The Charlotte 49ers open their Conference USA season Sunday against Old Dominion at 1 p.m. at Halton Arena. Here’s what we know so far about the 49ers, who are 6-6 and have lost two straight heading into the game against the Monarchs (11-1):
• It’s conference play time, and that hasn’t been a good thing for the 49ers in coach Alan Major’s four previous seasons. Charlotte is 22-42 in the Atlantic 10 and Conference USA over that time. With C-USA considered a likely “one-bid” league for the NCAA tournament, how well the 49ers position themselves for the C-USA tournament is critical. Major’s 49ers (a preseason pick to finish third in the conference) have started league play quickly before – winning at Texas-El Paso in their opener last season; starting 3-0 in the A-10 in 2012-13 – but have faded quickly each time.
Digital Access for only $0.99
For the most comprehensive local coverage, subscribe today.
• That said, the 49ers might be in better shape heading into league play than in years past after going .500 against a rugged nonconference schedule (one other game out of the league remains against N.C. A&T on Feb. 4). In fact, Georgia Tech coach Brian Gregory might not have been too far off base earlier this week when he called Charlotte the best 6-6 team in the country after a 67-66 Yellow Jackets victory.
Junior power forward Willie Clayton has said close losses on the road against Georgetown and Georgia Tech, as well as a narrow defeat at home against Miami, have helped prepare younger players like freshmen guards Torin Dorn and Keyshawn Woods for league play.
• The 49ers’ biggest problem has been starting games slowly. That nearly cost them in victories against College of Charleston and Appalachian State and proved to be too much to overcome in narrow losses against Georgetown and Georgia Tech.
The causes have been varied – poor shooting in the first half against Georgia Tech, for example, or shaky 3-point defense against Charleston.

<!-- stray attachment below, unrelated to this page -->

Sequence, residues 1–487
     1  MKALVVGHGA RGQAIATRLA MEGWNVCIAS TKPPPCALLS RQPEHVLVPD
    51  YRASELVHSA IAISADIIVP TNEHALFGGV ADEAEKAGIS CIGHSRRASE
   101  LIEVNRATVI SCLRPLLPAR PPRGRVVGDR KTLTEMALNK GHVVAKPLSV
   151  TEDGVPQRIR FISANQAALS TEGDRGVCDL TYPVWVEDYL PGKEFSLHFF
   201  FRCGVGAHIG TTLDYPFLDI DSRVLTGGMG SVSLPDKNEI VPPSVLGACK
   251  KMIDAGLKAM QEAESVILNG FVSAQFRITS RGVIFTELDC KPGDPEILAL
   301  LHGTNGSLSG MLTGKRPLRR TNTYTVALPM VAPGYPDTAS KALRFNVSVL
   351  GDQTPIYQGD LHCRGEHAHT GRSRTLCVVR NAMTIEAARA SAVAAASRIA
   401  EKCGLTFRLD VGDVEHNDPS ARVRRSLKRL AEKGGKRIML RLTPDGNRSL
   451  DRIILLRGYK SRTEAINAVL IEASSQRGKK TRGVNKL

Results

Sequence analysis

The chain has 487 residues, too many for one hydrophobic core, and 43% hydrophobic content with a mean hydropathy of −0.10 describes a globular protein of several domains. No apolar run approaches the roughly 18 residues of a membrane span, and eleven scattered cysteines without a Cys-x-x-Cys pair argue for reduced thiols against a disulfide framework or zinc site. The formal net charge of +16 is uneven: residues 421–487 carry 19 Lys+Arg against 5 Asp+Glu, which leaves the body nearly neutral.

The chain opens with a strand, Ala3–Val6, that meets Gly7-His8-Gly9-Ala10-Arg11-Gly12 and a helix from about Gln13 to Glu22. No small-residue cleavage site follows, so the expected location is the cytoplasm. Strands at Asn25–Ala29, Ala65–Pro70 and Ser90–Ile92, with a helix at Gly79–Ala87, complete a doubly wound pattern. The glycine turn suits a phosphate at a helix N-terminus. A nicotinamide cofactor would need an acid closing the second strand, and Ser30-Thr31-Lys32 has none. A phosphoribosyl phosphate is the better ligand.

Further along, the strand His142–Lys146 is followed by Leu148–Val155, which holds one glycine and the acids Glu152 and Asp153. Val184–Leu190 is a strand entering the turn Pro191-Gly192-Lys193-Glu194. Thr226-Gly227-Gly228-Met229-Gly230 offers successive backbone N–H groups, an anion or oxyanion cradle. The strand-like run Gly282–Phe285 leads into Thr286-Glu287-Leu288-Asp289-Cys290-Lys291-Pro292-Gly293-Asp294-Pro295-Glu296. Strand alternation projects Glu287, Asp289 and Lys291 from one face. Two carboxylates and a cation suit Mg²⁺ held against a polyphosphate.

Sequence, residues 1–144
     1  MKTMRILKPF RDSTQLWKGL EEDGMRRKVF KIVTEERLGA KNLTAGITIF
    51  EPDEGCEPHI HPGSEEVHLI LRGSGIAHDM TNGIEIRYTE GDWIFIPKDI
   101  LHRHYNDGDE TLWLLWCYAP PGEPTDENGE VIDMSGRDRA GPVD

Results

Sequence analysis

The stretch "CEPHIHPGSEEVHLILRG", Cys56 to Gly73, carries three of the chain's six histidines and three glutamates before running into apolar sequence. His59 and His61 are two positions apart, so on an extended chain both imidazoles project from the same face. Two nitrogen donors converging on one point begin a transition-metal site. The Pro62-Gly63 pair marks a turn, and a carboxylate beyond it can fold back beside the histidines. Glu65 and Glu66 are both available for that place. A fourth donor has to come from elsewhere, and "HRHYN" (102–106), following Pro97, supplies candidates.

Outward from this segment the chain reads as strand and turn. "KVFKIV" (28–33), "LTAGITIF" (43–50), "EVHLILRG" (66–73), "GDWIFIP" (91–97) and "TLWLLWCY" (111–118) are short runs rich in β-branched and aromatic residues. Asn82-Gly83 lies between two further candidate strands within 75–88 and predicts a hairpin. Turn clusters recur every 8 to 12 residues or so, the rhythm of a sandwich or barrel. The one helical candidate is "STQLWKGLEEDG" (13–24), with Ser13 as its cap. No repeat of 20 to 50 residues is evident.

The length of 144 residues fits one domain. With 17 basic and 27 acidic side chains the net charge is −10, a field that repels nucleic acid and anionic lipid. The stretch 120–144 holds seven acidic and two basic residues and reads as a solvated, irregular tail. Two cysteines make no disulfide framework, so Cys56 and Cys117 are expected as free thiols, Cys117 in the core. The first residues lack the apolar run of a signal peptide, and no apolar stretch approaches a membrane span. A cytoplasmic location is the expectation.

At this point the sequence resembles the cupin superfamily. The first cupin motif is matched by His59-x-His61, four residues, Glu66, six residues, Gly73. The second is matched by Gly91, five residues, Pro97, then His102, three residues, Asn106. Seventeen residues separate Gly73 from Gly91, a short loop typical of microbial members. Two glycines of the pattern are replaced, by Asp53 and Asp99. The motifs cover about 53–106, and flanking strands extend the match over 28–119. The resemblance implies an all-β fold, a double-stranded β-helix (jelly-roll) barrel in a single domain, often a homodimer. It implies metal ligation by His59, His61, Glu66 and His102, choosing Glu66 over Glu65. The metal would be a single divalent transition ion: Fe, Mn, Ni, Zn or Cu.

• Major has always said he wants to play from the inside-out, but this team is very much reliant on its backcourt, especially senior Pierria Henry, leading scorer Braxton Ogbueze and freshmen Woods and Dorn.
Henry, as always a productive if unconventional point guard, is most effective when he drives the lane, where he either gets to the basket or kicks the ball back out (he averages 5.7 assists). He averages 5.9 rebounds and still disrupts games defensively, averaging a league-leading 2.3 steals. His 2.13 assist-turnover ratio is the highest of his career.
Dorn (11.3 points) and Woods (9.1 points and a C-USA leading 56.4 percent 3-point shooter) have been critical for Charlotte coming off the bench. They’ve provided sparks after those slow starts by the starters.
• The 49ers have cleaned up some areas of their game that plagued them earlier. Charlotte has made 54 of 69 (78.2 percent) of its free throws over the past three games, a marked improvement over games such as College of Charleston (16 of 31), Davidson (16 of 28) and UNC Asheville (12 of 26). Also, Charlotte’s past three opponents are shooting just 23.2 percent from 3-point range, after teams like Davidson, George Washington and Charleston torched the 49ers from deep.
The 49ers also average 12.8 turnovers – nearly two fewer than the 14.7 they averaged last season.
• The 49ers’ frontcourt of Clayton and center Mike Thorne has become a liability offensively. The 6-foot-8 Clayton struggles against taller opponents underneath the basket, while Thorne, whose scoring average has dropped steadily since Thanksgiving, is still figuring out how to play out of a double team and not get moved out of his comfort zone near the basket.
“Going into conference play, we’ve got a new record of 0-0,” said Henry. “It’s all about how we bounce back and show what we’ve learned.”